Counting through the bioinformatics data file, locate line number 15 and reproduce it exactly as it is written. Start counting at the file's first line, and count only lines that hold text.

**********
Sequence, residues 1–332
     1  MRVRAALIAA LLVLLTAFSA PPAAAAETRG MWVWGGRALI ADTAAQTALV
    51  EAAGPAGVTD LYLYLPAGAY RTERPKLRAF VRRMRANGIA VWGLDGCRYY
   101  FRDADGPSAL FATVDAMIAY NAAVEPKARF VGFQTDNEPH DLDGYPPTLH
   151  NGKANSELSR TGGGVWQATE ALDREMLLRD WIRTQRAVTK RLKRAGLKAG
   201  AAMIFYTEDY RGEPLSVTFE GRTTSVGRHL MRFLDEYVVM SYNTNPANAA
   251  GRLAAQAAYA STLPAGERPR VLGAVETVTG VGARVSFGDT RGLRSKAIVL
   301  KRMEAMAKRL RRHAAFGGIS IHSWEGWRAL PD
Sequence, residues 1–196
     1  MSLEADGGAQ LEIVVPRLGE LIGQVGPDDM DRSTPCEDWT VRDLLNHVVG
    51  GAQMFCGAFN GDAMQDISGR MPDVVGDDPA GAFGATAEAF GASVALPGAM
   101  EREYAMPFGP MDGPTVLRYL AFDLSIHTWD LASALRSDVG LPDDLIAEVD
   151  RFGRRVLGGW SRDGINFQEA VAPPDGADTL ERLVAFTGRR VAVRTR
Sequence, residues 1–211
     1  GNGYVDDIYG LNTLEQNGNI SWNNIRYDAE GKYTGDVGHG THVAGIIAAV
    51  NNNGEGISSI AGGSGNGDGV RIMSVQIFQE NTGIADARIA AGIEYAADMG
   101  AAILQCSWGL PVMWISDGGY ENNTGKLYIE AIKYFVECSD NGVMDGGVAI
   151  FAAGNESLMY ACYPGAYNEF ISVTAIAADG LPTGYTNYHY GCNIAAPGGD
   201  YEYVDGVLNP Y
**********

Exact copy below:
     1  GNGYVDDIYG LNTLEQNGNI SWNNIRYDAE GKYTGDVGHG THVAGIIAAV